In (a), a 60 cc syringe loaded with putty, consisting of polyvinyl alcohol crosslinked with sodium borate (PVA-Borax) blended with hydrophobically-modified chitosan, is positioned near an aperture above the femoral artery. Once the catheter was removed from the artery, significant bleeding within the cavity occurred. A small hole in the skin remained the only access point to the bleed. Compressible devices such as bandages and gauze were not able to be applied through the hole. In (b), the putty is syringed into the bleeding cavity through the aperture after 1 minute of free bleeding. In (c), the delivered putty is observable at the aperture. Next in (d), the aperture is widened to observe hemostasis in the cavity filled with putty. Finally, in (e) and (f) the putty is removed by hand after 30 min, with no re-bleeding observed.

The invention has been described with references to a preferred embodiment. While specific values, relationships, materials and steps have been set forth for purposes of describing concepts of the invention, it will be appreciated by persons skilled in the art that numerous variations and/or modifications may be made to the invention as shown in the specific embodiments without departing from the spirit or scope of the basic concepts and operating principles of the invention as broadly described. It should be recognized that, in the light of the above teachings, those skilled in the art can modify those specifics without departing from the invention taught herein. Having now fully set forth the preferred embodiments and certain modifications of the concept underlying the present invention, various other embodiments as well as certain variations and modifications of the embodiments herein shown and described will obviously occur to those skilled in the art upon becoming familiar with such underlying concept. It is intended to include all such modifications, alternatives and other embodiments insofar as they come within the scope of the appended claims or equivalents thereof. It should be understood, therefore, that the invention may be practiced otherwise than as specifically set forth herein. Consequently, the present embodiments are to be considered in all respects as illustrative and not restrictive.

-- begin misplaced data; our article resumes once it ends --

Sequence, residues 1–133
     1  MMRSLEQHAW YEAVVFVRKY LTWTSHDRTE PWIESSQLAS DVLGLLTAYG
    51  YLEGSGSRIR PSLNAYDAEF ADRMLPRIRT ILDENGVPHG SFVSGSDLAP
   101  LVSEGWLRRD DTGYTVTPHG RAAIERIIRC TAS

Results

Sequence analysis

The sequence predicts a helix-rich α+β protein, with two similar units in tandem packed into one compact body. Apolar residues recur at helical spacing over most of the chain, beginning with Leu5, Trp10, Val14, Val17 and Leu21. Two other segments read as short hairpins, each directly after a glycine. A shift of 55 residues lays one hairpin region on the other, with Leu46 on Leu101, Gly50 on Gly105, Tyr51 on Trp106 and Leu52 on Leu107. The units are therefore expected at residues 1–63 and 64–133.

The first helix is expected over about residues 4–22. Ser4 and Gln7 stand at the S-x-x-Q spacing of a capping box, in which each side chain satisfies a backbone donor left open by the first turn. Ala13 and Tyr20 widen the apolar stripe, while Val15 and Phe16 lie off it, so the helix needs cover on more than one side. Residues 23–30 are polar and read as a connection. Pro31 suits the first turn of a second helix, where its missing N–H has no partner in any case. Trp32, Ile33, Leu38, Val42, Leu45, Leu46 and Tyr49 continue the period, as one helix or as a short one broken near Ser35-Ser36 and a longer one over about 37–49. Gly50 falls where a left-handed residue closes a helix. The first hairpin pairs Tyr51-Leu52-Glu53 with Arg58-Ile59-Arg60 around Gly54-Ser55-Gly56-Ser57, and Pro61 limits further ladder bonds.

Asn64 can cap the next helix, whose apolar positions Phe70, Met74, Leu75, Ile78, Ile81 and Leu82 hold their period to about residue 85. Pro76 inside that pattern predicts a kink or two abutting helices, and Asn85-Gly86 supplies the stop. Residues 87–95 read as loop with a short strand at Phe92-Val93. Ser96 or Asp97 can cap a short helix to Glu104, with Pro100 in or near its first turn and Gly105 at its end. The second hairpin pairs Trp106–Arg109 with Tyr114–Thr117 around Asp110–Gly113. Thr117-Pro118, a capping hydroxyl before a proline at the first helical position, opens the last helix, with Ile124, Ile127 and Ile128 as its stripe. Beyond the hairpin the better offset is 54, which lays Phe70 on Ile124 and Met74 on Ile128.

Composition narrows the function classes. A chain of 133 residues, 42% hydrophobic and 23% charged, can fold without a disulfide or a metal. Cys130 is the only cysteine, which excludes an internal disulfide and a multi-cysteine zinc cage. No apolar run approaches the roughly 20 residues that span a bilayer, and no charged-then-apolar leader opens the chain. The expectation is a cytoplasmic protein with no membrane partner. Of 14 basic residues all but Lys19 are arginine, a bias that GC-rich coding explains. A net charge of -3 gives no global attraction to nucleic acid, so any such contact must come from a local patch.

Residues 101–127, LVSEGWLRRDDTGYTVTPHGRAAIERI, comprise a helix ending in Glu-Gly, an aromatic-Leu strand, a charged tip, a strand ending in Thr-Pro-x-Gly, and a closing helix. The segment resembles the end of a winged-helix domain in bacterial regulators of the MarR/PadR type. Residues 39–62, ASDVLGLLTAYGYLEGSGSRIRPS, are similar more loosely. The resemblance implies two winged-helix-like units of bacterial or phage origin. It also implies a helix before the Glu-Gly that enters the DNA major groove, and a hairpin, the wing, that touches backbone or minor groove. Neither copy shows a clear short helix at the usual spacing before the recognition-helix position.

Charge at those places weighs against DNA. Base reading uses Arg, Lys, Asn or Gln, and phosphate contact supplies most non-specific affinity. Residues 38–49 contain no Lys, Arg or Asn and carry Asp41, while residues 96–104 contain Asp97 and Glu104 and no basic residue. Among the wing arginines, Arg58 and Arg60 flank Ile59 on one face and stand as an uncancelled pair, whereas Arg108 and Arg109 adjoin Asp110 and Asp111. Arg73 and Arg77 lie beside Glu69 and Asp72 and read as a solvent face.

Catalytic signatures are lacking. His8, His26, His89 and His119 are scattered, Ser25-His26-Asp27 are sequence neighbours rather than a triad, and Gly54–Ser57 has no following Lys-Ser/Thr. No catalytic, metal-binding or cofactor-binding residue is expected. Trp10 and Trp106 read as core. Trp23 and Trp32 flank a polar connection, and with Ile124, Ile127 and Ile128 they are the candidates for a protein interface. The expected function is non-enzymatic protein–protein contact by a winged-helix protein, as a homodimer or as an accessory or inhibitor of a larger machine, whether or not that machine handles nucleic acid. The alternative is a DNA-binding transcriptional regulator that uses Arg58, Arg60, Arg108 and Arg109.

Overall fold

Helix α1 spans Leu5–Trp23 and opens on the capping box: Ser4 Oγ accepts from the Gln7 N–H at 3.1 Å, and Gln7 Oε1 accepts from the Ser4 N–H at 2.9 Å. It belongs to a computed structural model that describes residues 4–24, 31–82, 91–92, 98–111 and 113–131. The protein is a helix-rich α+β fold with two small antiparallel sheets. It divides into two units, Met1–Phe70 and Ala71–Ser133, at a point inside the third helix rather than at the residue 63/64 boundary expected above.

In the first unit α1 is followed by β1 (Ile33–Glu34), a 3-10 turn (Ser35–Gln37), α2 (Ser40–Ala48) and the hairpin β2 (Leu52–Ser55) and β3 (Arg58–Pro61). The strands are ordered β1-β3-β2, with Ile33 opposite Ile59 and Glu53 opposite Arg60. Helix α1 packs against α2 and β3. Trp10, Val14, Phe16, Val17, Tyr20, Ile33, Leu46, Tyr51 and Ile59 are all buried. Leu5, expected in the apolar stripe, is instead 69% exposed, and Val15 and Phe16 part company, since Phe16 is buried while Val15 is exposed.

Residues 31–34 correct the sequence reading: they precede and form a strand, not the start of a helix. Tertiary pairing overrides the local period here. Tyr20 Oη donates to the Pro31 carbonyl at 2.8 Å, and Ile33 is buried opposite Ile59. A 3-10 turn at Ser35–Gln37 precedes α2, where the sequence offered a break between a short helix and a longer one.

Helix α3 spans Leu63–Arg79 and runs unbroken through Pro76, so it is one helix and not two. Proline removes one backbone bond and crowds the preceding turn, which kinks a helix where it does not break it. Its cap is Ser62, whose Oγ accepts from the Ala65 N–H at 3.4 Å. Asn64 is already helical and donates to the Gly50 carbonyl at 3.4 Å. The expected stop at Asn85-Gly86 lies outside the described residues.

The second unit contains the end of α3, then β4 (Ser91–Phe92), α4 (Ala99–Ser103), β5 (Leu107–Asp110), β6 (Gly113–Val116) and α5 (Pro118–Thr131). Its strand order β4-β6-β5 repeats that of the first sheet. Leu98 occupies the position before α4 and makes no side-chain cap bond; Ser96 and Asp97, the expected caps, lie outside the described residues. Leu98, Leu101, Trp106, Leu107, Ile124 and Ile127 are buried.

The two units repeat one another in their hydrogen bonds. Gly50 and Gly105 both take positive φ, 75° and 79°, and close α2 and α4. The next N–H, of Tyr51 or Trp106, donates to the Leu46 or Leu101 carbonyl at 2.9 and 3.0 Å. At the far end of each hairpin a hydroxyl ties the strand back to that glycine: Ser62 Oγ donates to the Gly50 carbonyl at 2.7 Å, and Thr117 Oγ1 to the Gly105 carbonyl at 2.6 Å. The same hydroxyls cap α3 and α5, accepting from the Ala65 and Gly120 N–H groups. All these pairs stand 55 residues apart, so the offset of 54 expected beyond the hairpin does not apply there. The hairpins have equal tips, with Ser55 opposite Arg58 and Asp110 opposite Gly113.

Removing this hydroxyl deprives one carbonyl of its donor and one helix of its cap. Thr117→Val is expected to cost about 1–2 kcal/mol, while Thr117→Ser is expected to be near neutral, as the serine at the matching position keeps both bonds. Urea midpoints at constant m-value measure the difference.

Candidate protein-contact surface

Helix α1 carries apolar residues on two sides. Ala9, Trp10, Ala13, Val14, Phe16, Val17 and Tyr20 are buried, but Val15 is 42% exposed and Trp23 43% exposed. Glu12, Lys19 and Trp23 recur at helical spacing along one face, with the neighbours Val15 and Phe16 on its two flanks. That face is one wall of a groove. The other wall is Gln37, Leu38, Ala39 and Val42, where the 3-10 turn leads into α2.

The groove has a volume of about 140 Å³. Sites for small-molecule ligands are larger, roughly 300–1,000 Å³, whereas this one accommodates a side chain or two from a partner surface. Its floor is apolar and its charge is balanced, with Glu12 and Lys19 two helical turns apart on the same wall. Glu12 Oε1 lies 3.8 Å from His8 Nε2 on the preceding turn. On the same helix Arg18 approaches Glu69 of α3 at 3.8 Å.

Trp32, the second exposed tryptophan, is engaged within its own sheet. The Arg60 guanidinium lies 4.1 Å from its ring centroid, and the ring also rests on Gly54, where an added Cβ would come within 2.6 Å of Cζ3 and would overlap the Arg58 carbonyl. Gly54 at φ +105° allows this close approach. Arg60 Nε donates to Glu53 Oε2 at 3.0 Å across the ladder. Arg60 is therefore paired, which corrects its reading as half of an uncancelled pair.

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Classifications
Classification internationaleA61K31/717, A61K38/39, A61K31/722, A61K31/765, A61K31/734
Classification coopérativeA61K31/722, A61K38/39, A61K31/717, A61K31/734